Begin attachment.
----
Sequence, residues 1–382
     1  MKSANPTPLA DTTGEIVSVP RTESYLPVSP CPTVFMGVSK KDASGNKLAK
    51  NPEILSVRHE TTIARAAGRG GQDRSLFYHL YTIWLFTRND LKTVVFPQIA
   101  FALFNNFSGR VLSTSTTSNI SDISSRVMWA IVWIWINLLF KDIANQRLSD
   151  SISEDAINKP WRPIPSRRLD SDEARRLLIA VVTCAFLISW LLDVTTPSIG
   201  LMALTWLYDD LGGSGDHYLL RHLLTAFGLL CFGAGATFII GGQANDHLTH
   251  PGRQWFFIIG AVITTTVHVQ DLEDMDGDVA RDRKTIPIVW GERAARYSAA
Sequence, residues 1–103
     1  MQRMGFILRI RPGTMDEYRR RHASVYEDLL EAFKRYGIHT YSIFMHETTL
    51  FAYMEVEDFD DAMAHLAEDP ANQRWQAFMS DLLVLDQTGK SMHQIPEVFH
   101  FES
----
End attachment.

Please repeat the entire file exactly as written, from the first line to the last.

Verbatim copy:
Sequence, residues 1–382
     1  MKSANPTPLA DTTGEIVSVP RTESYLPVSP CPTVFMGVSK KDASGNKLAK
    51  NPEILSVRHE TTIARAAGRG GQDRSLFYHL YTIWLFTRND LKTVVFPQIA
   101  FALFNNFSGR VLSTSTTSNI SDISSRVMWA IVWIWINLLF KDIANQRLSD
   151  SISEDAINKP WRPIPSRRLD SDEARRLLIA VVTCAFLISW LLDVTTPSIG
   201  LMALTWLYDD LGGSGDHYLL RHLLTAFGLL CFGAGATFII GGQANDHLTH
   251  PGRQWFFIIG AVITTTVHVQ DLEDMDGDVA RDRKTIPIVW GERAARYSAA
Sequence, residues 1–103
     1  MQRMGFILRI RPGTMDEYRR RHASVYEDLL EAFKRYGIHT YSIFMHETTL
    51  FAYMEVEDFD DAMAHLAEDP ANQRWQAFMS DLLVLDQTGK SMHQIPEVFH
   101  FES